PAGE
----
We continually seek new supplies of natural gas, both to offset the natural declines in production from connected wells and to increase throughput volumes. We obtain additional natural gas supply in our operating areas by contracting for production from new wells or by capturing existing production currently gathered by others. Competition for new natural gas supplies is based primarily on location of assets, commercial terms, service levels and access to markets. The commercial terms of natural gas gathering and processing arrangements are driven, in part, by capital costs, which are impacted by the proximity of systems to the supply source and by operating costs, which are impacted by operational efficiencies and economies of scale.

We believe our extensive asset base and scope of operations in the regions in which we operate provide us with significant opportunities to add both new and existing natural gas production to our systems. We believe our size and scope give us a strong competitive position by placing us in proximity to a large number of existing and new


natural gas producing wells in our areas of operations, allowing us to generate economies of scale and to provide our customers with access to our existing facilities and to multiple end-use markets and market hubs. Additionally, we believe our ability to serve our customers’ needs across the natural gas and NGL value chain further augments our ability to attract new customers.

The following table lists our natural gas processing plants, all of which are cryogenic processing units that are 100% owned and operated by us:
 
Facility
 
Location
 
Gross
Throughput
Capacity
(MMcf/d)
   
2009
Plant
Natural
Gas Inlet
(MMcf/d)
   
2009
Gross NGL
Production
(MBbl/d)
 
North Texas System
                     
Chico (1)
 
Wise, TX
    265.0              
Shackelford
 
Shackelford,TX
    13.0              
   
Area Total
    278.0       173.6       20.1  
SAOU System
                           
Mertzon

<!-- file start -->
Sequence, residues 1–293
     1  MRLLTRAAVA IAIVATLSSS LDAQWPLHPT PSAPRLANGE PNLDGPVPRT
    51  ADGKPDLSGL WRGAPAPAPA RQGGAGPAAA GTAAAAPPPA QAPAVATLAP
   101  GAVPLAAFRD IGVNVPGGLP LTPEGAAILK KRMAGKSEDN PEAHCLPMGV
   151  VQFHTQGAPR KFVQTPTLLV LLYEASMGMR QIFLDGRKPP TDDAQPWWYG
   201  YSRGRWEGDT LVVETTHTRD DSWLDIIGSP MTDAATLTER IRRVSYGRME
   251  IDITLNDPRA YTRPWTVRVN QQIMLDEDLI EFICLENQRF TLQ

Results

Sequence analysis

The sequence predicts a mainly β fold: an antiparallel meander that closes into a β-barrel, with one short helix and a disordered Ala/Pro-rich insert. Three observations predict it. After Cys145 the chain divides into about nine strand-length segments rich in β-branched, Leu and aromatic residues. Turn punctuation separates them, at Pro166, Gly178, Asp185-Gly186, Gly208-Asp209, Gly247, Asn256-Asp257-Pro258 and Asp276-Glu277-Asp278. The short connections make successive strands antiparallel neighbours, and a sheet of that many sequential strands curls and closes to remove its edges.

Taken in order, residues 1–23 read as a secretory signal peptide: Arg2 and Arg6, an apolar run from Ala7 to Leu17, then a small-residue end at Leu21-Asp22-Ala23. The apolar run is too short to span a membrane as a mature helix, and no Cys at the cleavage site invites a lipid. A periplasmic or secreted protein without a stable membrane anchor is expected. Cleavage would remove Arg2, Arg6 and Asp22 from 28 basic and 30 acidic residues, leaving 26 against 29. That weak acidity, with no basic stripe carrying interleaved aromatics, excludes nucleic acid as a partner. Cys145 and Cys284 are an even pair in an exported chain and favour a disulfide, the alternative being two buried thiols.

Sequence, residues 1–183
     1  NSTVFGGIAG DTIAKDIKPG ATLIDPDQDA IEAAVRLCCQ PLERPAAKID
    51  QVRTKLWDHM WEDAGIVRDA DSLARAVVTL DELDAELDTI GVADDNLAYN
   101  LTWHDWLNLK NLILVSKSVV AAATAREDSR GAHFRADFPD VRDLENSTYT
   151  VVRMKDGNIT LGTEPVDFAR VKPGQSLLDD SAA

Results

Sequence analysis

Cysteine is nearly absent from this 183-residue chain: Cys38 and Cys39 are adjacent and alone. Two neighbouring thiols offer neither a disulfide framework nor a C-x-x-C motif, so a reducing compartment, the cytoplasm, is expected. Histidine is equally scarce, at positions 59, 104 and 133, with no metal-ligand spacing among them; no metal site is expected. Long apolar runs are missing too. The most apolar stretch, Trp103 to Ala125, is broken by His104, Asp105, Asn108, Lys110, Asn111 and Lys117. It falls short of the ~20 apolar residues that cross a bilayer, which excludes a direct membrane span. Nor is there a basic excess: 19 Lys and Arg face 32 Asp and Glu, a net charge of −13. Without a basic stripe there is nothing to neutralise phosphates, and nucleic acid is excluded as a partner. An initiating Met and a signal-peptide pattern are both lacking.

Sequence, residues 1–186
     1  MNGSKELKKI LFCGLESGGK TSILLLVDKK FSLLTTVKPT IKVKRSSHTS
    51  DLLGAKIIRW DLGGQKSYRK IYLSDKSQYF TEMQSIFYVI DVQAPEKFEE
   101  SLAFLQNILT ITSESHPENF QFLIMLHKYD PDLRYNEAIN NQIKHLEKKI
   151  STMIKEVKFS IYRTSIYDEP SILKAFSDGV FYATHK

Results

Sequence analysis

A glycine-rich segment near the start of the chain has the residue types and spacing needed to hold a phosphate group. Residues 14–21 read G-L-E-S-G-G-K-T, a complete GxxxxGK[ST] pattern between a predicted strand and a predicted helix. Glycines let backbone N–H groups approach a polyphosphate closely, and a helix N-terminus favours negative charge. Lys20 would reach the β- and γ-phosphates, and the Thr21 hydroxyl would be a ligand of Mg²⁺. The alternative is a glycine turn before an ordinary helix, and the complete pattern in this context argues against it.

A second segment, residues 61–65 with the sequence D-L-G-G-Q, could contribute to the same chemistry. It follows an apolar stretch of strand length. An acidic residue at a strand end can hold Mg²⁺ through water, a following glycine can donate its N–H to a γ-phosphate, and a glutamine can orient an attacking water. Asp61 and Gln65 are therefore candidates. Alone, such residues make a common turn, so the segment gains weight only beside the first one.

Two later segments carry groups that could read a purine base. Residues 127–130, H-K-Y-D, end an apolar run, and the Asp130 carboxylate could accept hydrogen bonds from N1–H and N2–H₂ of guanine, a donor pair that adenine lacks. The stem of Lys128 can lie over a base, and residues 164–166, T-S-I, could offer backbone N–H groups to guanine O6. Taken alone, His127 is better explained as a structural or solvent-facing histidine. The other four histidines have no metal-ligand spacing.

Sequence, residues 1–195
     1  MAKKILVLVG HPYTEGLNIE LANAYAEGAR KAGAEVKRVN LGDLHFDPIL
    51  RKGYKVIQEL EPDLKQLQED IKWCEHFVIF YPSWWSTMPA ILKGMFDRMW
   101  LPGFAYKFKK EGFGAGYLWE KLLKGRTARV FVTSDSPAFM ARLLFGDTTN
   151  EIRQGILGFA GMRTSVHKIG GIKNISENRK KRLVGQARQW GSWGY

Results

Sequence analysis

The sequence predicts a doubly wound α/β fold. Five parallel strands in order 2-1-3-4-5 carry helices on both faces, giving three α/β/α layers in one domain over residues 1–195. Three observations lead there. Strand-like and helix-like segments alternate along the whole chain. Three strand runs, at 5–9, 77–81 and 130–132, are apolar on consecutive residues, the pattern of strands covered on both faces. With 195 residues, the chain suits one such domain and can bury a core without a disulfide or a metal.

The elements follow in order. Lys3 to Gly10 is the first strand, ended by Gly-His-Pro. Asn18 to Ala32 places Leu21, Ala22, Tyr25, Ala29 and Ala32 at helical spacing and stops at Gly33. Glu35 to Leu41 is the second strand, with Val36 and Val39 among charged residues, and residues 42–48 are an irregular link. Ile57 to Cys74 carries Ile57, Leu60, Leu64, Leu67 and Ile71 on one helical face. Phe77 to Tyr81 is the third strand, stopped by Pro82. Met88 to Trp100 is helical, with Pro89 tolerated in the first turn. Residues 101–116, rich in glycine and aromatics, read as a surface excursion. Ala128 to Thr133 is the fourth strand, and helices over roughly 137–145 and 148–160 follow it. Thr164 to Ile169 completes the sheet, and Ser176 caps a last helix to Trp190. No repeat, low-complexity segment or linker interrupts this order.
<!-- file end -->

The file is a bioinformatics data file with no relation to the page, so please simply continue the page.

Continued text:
Irion, TX
    48.0                  
Sterling
 
Sterling, TX
    62.0                  
Conger (2)
 
Sterling, TX
    25.0                  
   
Area Total
    135.0       91.5       14.1  
LOU System
                           
Gillis (1)
 
Calcasieu, LA
    180.0                  
Acadia
 
Acadia, LA
    80.0                  
   
Area Total
    260.0       180.8       8.5  
          673.0       445.9       42.7  
 
_______
 
(1)
The Chico and Gillis plants have fractionation capacities of approximately 15 MBbl/d and 13 MBbl/d.
 
(2)
The Conger plant is not currently operating, but is on standby and can be quickly reactivated on short notice to meet additional needs for processing capacity.

North Texas System

The North Texas System includes two interconnected gathering systems with approximately 4,100 miles of pipelines, covering portions of 12 counties and approximately 5,700 square miles, gathering wellhead natural gas for the Chico and Shackelford natural gas processing facilities. During 2009, the North Texas System gathered approximately 179.3 MMcf/d of natural gas.

Gathering. The Chico Gathering System consists of approximately 2,000 miles of primarily low-pressure gathering pipelines. Wellhead natural gas is either gathered for the Chico plant located in Wise County, Texas, and then compressed for processing, or it is compressed in the field at numerous compressor stations and then moved via one of several high-pressure gathering pipelines to the Chico plant. The Shackelford Gathering System consists of approximately 2,100 miles of intermediate-pressure gathering pipelines which gather wellhead natural gas largely for the Shackelford plant in Albany, Texas. Natural gas gathered from the northern and eastern portions of the Shackelford Gathering System is typically compressed in the field at numerous compressor stations and then transported to the Chico plant for processing.

Processing. The Chico processing plant includes two cryogenic processing trains with a combined capacity of approximately 265 MMcf/d and an NGL fractionator with the capacity to fractionate up to approximately 15 MBbl/d of raw NGL mix. The Shackelford plant is a cryogenic plant with a nameplate capacity of approximately